Nutritional information is presented to the user through nutrition web page 160 as shown in FIG. 6. The preferred nutritional web page 160 includes nutritional fact charts 165 and 170 which illustrate actual and target nutritional facts, respectively as pie charts, and nutritional intake charts 175 and 180 which show total actual nutritional intake and target nutritional intake, respectively as pie charts. Nutritional fact charts 165 and 170 preferably show a percentage breakdown of items such as carbohydrates, protein and fat, and nutritional intake charts 175 and 180 are preferably broken down to show components such as total and target calories, fat, carbohydrates, protein, and vitamins. Web page 160 also includes meal and water consumption tracking 185 with time entries, hyperlinks 190 which allow the user to directly access nutrition-related news items and articles, suggestions for refining or improving daily routine with respect to nutrition and affiliate advertising elsewhere on the network, and calendar 195 for choosing between views having variable and selectable time periods. The items shown at 190 may be selected and customized based on information learned about the individual in the survey and on their performance as measured by the Health Index.

The Activity Level category of Health Index 155 is designed to help users monitor how and when they move around during the day and utilizes both data input by the user and data sensed by sensor device 10. The data input by the user may include details regarding the user's daily activities, for example the fact that the user worked at a desk from 8 a.m. to 5 p.m. and then took an aerobics class from 6 p.m. to 7 p.m. Relevant data sensed by sensor device 10 may include heart rate, movement as sensed by a device such as an accelerometer, heat flow, respiration rate, calories burned, GSR and hydration level, which may be derived by sensor device 60 or central monitoring unit 30. Calories burned may be calculated in a variety of manners, including: the multiplication of the type of exercise input by the user by the duration of exercise input by the user; sensed motion multiplied by time of motion multiplied by a filter constant; or sensed heat flux multiplied by time multiplied by a filter constant.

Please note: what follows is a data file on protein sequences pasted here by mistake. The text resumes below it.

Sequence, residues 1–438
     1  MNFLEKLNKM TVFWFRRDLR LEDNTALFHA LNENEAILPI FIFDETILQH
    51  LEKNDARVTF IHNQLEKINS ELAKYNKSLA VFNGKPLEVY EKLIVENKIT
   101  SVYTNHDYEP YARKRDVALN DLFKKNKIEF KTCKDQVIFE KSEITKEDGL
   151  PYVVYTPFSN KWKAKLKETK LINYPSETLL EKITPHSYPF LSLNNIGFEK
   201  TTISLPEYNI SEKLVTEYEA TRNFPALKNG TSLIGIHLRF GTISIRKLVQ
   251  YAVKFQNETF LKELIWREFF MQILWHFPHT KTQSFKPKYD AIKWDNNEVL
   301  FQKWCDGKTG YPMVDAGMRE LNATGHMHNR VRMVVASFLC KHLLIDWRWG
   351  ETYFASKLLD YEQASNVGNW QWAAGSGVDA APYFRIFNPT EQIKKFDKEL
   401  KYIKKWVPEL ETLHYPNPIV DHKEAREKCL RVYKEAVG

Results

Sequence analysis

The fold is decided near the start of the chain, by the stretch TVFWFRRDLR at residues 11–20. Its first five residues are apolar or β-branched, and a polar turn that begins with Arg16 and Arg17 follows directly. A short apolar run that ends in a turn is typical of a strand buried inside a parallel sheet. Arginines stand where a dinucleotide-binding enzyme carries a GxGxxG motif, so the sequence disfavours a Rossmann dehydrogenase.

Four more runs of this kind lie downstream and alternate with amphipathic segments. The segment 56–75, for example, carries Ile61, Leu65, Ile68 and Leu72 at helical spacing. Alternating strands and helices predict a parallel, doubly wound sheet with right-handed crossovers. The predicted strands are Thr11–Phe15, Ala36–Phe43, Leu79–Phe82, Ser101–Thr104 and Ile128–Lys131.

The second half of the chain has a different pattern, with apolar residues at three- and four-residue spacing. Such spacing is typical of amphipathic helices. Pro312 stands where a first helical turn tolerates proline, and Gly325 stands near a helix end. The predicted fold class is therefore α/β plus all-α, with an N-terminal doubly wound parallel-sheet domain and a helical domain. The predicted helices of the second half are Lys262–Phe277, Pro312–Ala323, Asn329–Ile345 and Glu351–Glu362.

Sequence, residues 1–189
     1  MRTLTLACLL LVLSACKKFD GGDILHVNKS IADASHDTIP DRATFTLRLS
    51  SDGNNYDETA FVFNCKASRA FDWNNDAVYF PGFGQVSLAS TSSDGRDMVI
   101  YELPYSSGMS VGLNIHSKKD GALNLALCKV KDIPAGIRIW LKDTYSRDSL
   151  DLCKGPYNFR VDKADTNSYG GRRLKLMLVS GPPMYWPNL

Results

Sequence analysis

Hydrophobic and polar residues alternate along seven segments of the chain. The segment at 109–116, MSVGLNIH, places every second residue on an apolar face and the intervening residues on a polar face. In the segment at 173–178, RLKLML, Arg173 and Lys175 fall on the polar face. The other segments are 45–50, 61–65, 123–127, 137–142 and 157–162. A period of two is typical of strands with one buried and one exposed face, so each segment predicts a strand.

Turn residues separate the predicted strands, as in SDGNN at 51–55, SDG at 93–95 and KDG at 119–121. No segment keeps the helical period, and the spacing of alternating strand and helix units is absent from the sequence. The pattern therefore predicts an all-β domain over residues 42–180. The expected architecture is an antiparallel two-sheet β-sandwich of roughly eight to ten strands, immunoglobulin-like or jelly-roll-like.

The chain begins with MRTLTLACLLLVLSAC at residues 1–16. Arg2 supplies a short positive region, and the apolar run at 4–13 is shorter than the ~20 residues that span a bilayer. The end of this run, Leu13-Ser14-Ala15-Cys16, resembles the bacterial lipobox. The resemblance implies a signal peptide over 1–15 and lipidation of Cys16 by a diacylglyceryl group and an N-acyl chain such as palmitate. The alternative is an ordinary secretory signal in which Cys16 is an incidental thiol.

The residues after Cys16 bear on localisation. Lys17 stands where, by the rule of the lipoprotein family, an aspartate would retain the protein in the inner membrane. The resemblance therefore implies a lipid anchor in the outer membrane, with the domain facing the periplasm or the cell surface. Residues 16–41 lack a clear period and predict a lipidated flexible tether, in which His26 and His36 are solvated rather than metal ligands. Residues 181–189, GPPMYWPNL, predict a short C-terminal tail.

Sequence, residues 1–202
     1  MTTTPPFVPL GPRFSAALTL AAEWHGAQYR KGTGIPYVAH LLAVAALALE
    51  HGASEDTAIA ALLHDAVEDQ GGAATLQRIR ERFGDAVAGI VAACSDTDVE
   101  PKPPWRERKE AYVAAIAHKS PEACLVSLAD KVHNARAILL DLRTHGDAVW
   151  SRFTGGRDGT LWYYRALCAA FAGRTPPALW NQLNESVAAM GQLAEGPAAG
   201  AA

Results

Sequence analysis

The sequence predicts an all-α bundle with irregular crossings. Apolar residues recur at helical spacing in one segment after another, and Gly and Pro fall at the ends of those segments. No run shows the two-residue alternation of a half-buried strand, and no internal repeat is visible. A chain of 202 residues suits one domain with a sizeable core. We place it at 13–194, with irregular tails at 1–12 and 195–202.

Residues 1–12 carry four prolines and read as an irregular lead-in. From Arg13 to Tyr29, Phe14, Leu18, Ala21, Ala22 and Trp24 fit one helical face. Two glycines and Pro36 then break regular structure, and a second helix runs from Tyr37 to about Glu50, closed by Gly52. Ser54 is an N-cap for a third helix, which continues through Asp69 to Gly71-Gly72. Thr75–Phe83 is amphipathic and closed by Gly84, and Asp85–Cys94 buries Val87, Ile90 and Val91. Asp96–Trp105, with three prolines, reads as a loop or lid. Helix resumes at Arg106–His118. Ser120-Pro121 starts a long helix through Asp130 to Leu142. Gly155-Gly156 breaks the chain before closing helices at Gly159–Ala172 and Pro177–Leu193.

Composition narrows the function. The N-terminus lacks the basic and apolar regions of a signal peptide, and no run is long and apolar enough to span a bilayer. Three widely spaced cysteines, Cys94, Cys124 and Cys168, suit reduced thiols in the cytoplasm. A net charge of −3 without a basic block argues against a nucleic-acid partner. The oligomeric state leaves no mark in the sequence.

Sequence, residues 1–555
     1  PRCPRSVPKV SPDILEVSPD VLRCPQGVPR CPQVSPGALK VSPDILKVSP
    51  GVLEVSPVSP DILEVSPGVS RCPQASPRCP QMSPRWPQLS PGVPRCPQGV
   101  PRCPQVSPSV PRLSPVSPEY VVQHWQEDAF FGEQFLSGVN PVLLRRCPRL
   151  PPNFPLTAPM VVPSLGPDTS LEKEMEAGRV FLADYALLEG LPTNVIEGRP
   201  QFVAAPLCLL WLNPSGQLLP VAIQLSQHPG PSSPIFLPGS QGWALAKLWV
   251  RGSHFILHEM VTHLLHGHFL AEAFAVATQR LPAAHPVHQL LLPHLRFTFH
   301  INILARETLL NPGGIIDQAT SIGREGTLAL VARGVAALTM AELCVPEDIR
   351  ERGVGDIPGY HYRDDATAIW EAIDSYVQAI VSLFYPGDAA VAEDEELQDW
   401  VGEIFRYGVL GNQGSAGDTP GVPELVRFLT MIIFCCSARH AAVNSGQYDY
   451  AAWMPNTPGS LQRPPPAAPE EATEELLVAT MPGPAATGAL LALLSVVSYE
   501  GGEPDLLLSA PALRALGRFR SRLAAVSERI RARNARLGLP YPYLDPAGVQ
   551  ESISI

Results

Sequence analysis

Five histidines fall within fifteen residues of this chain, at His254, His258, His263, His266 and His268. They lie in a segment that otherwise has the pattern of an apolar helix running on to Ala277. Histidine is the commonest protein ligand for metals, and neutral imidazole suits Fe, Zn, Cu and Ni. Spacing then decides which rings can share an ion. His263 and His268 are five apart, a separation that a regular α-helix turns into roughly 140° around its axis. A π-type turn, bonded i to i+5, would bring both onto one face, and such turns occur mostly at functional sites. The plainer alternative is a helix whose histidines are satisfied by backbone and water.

The Activity Level Health Index piston level is preferably determined with respect to a suggested healthy daily routine that includes: exercising aerobically for a pre-set time period, preferably 20 minutes, or engaging in a vigorous lifestyle activity for a pre-set time period, preferably one hour, and burning at least a minimum target number of calories, preferably 205 calories, through the aerobic exercise and/or lifestyle activity. The minimum target number of calories may be set according to information about the user, such as sex, age, height and/or weight. Parameters utilized in the calculation of the relevant piston level include the amount of time spent exercising aerobically or engaging in a vigorous lifestyle activity as input by the user and/or sensed by sensor device 10, and the number of calories burned above pre-calculated energy expenditure parameters.